That’s why throughout her time at the University of Maryland, she dedicated herself to uplifting those in marginalized communities—something she aims to continue as she pursues her dream of becoming a pediatric neurosurgeon.

“My passion for fighting for those who are unable to fight for themselves finds its purpose in the field of pediatrics,” said Fomengia, a Banneker/Key Scholar who earned a 4.0 GPA majoring in neuroscience. “I find it remarkable how healing a child can heal a whole family.”

As a member of the Gemstone Program in the Honors College, she investigated ways to improve AI models for detecting and diagnosing non-small cell lung cancer. In addition, she is a member of the Johns Hopkins Neuroscience Scholars Program, where she is a research intern for its Brain Health Program. Outside of class, she worked as a medical assistant at a local pediatric urgent care center, served in leadership roles for the Charles R. Drew Pre-Health Society and supported fellow UMD students through Lean on Me College Park, a peer-to-peer text line for those struggling with their mental health.

“Jayda is by far one of the most impressive students I have encountered in terms of both academic brilliance and commitment to public service,” said psychology Lecturer Amanda Chicoli, who serves as research coordinator and course director for the neuroscience major.

Kentiera Wood
Kentiera Wood ’24 entered college unsure of her career path. But thanks to a bevy of mentors at UMD and beyond, the psychology major is now on the path to becoming a counseling psychologist. She hopes to work with marginalized community members, especially African Americans, who are at higher risk of becoming involved with the criminal justice system.

“Kentiera’s passion and vigor for effecting change” is evident, said Nicole Gray-Moultrie, program coordinator for the Public Defender Service for the District of Columbia, where Wood served both juvenile and adult clients during a six-month internship. “She always shared that she never felt like she was doing a ‘job’ because she was truly passionate about this work.”

Wood credits psychology Professor Karen O’Brien and Assistant Professor Terrill O. Taylor for introducing her to the intersection of the discipline and law and social justice. That led Wood to volunteer with Court Watch Montgomery and the Children’s Playtime Project, supporting children experiencing homelessness or domestic violence. She also co-authored a presentation for the American Psychology Association and is working in Taylor’s Restoring H.O.P.E. Research Lab to investigate and improve outcomes for formerly incarcerated Black men.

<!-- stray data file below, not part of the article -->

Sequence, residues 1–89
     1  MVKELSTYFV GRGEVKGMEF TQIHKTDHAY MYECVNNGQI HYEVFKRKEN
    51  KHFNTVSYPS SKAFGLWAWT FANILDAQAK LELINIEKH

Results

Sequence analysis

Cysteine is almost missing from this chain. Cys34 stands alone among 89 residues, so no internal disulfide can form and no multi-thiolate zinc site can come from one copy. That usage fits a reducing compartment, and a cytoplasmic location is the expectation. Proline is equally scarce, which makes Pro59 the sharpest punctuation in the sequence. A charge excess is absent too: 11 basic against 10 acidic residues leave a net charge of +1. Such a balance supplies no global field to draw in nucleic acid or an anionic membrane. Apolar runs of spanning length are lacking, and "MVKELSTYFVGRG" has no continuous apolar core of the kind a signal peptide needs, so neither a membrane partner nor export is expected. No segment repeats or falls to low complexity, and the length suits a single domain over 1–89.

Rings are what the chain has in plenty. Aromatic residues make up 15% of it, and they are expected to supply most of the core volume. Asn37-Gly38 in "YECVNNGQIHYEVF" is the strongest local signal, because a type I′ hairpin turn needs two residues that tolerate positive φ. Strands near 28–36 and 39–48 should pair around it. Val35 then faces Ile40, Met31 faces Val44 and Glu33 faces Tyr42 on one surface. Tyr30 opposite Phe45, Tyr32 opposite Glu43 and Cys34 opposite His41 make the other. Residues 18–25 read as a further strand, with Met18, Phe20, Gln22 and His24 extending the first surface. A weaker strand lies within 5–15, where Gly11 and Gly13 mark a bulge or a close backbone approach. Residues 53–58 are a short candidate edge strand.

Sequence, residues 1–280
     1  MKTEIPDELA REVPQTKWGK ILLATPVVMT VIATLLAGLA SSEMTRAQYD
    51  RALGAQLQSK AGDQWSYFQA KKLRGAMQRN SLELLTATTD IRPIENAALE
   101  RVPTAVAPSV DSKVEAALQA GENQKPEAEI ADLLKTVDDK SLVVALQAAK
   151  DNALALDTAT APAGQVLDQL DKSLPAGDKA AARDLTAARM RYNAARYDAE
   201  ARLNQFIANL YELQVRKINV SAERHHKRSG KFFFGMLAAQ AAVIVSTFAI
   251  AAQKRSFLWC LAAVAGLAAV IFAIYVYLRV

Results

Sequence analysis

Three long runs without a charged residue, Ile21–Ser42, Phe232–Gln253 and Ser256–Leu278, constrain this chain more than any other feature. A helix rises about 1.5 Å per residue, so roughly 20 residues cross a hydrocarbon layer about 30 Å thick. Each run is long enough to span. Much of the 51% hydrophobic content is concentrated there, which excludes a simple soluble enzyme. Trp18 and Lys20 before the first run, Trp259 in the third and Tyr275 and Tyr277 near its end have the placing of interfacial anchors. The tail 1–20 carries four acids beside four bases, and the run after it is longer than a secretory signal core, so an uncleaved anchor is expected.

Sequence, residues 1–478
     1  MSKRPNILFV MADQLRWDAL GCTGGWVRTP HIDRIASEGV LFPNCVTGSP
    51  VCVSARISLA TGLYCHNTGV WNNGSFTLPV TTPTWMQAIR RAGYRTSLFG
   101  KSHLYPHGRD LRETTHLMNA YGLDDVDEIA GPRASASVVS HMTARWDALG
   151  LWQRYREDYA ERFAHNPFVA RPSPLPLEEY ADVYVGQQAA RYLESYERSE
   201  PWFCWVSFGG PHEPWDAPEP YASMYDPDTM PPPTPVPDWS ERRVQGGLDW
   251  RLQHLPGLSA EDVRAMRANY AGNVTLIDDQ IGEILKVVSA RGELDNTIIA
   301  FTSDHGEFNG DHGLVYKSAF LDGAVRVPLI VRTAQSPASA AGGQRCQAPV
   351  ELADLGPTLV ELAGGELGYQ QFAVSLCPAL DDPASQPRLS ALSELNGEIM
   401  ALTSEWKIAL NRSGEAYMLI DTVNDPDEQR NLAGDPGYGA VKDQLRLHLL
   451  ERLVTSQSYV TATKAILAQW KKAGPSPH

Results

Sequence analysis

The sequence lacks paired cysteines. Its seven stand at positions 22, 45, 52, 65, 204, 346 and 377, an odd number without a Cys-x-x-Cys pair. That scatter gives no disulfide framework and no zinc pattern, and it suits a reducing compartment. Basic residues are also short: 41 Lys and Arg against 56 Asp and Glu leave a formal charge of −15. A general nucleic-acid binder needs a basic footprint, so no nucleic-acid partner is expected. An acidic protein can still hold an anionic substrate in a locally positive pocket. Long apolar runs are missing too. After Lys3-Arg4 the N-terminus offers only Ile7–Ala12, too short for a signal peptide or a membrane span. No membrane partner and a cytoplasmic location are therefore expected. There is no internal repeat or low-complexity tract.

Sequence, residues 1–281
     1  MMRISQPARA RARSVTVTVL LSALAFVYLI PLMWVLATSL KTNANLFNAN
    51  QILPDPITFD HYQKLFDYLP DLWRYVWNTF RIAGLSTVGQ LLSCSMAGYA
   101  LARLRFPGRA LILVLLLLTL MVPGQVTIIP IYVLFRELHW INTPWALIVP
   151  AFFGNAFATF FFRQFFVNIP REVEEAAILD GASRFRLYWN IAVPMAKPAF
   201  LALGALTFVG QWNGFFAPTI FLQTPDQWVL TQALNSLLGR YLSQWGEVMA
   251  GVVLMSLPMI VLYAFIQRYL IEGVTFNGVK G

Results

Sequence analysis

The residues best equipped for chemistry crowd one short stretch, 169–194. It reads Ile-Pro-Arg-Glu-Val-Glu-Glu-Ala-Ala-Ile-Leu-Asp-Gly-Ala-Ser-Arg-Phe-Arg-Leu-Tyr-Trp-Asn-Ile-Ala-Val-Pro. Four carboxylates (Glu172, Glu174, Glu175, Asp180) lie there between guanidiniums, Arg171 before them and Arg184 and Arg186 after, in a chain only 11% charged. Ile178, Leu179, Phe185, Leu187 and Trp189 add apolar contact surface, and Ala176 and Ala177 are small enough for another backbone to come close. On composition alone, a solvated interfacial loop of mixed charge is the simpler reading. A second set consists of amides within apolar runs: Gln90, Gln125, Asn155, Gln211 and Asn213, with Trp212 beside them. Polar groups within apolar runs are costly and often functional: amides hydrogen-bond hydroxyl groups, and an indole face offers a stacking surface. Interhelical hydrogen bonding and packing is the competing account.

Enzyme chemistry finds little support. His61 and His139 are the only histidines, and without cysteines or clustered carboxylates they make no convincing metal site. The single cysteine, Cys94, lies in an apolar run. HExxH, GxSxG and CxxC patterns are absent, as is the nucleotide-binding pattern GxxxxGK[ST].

“I have gained experience, met amazing people and discovered a desire to explore the unknown,” said Wood, who plans to pursue her doctorate at UMD.

Jack Yang
Senior year of high school for Jack Yang ’24 was a tough one. After feeling pain in his leg on a ski trip, he discovered he had a benign tumor that required surgery. It took him months to be able to walk again, but the experience left more than a “gnarly scar” on his body—it sparked a desire to become a physician.

“I want to fight alongside patients, conduct medical research and induce systemic change, allowing all of us to live better, healthier lives,” said Yang, a biochemistry and economics double major and Banneker/Key scholarship recipient.

At UMD, he became the co-director of Kesem, which supports children who have a parent with cancer. He led the organization to win the 2023 Do Good Challenge, and has now joined the Do Good Campus Fund’s student committee to empower others across campus to make a positive impact on the world.

In addition, he conducted research on heart muscle cell growth and blood cell production at the University of Maryland School of Medicine (UMSOM) and the National Institutes of Health, respectively, which could lead to better understanding of and treatments for heart and blood diseases.

“Jack reminds me of some of the best colleagues that I have had the privilege of working with,” said Michigan State Chair of Medicine Charles Hong, who oversaw Yang’s internship at the UMSOM, “someone whom I would want to have around when situation gets tough, and to whom I would not hesitate to refer my own family members to get the best medical care.”